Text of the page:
Wednesday, February 11, 2009

NY Times debates protectionism

The NY Times has a debate room on the merits of the Buy American provision, which was watered down somewhat.

Most of the responses were predictable. I was disappointed that Robert Scott, senior economist at the liberal Economic Policy Institute, defended protectionism, saying that

Some of the loudest protests about buy-American provisions have come from self-interested American companies like Caterpillar and General Electric that manufacture overseas. Foreign ministers from China and Russia, which haven’t signed the procurement codes, have also complained, but these countries simply want something for nothing. Giving them access to stimulus spending will dilute the impact of the recovery bill and eliminate all incentives for them to sign the codes.

When domestic industries have been injured by unfair trade practices, protecting them is good policy. For example, China spent more than $15 billion on energy subsidies for its steel industry in 2007 alone. These subsidies were illegal under World Trade Organization rules, and the United States has an obligation to protect domestic steel producers in such cases.

The US has injured other industries through its own trade practices. I agree that the US doesn't want too much of its stimulus money going to overseas suppliers - as would China and Europe - but remember, they buy American crap, too. That mindset is not far removed from the nativism I decry elsewhere on this blog.

I was more intrigued by the response of Ha-Jun Chang, an economist at Cambridge.

Is protectionism good or bad? The short answer is that it depends.

There are two kinds of protectionism. One is the protectionism that developing countries need to protect and nurture new producers. It is known as infant-industry protection and is based on the same reasoning that people use when they send their children to school, rather than making them child laborers. It can fail but it was successfully used by virtually all of today’s rich countries when they were developing countries themselves — starting from 18th century Britain, through 19th century United States and Sweden, to 20th century Japan and Korea.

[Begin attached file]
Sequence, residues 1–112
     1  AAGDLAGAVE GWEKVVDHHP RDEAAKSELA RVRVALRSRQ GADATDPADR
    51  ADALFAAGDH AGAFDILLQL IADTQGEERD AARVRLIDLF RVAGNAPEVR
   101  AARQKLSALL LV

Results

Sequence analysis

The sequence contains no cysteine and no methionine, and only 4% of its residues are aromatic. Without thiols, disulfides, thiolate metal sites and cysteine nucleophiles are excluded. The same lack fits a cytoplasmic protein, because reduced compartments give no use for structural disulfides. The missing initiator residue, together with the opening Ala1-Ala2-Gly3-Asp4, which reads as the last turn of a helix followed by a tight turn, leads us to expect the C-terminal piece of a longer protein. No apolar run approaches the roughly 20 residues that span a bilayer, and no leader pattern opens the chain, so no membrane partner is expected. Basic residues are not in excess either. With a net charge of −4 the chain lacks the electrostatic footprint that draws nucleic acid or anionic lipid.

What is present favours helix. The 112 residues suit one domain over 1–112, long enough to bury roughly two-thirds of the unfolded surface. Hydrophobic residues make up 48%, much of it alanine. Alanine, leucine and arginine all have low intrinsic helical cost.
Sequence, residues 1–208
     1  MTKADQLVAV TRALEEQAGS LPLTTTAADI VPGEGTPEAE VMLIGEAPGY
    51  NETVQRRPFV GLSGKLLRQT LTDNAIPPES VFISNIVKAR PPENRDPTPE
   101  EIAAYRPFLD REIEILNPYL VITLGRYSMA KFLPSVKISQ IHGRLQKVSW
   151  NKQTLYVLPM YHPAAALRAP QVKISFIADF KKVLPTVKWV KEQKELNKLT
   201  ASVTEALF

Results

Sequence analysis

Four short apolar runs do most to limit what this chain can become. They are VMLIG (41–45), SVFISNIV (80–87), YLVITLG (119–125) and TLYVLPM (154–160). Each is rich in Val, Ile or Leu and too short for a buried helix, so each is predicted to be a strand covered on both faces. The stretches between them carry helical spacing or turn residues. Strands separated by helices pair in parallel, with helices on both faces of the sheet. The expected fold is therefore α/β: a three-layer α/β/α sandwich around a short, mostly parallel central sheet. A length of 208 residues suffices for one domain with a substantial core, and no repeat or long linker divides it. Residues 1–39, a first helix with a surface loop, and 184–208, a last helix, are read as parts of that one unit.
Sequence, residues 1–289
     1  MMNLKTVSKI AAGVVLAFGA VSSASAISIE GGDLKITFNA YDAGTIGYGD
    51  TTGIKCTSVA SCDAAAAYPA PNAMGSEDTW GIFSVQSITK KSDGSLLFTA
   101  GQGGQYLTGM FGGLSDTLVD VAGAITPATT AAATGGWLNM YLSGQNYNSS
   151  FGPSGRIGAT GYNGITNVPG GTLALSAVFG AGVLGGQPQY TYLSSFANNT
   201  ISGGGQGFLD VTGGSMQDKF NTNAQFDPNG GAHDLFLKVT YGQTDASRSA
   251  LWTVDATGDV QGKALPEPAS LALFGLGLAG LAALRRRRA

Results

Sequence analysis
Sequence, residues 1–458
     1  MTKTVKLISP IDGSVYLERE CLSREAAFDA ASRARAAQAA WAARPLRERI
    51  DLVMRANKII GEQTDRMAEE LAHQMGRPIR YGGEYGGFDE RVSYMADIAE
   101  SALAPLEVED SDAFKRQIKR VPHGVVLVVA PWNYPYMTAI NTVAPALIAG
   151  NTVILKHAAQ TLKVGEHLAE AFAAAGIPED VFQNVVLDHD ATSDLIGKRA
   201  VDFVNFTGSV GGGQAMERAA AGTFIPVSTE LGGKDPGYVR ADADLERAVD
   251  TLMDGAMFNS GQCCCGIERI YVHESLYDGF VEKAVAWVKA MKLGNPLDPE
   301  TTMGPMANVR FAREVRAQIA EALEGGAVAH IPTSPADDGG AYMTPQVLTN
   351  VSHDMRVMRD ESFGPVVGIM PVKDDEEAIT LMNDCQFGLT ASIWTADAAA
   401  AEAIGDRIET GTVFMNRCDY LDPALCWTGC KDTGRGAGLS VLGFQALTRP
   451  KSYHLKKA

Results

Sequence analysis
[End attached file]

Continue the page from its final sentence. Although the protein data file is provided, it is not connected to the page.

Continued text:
The other is a kind of protectionism that all countries, both mature and developing, sometimes need when they must make sudden large adjustments. Unlike finance, where things can be rearranged quickly, the real economy takes time to adjust. Therefore, when you have a big shock like today’s economic crisis, it makes sense to create the breathing space for the producers to restructure. This is why, even as they are repeating their commitments to free trade, the rich countries are providing their industries a huge amount of direct and indirect protection.

Some people worry that this will lead to a 1930s-style all-out trade war. But in the short run, there is actually no danger of that. Now we have the World Trade Organization, the European Union and many other regional trade agreements that limit protectionism. Of course, in the longer run, if veiled protectionism continues, we run the risk of making a mockery of these agreements and destroying the global trading system.

However, the solution to this problem should not be an adherence to the principle of free trade, which is not workable in practice anyway, but instead to establish a new international agreement that allows a transparent, forward-looking and time-bound protectionism as well as more infant-industry protection for developing countries. In other words, by allowing more protectionism now in a controlled way, we will be able to preserve the international trading system better in the longer run.

That's a far better and fairer analysis. It removes things from a nationalist lens. It places them in the context of allowing developing nations to develop, and nations in need of adjustment to adjust. The US is not using that lens - only the lens of protectionism.

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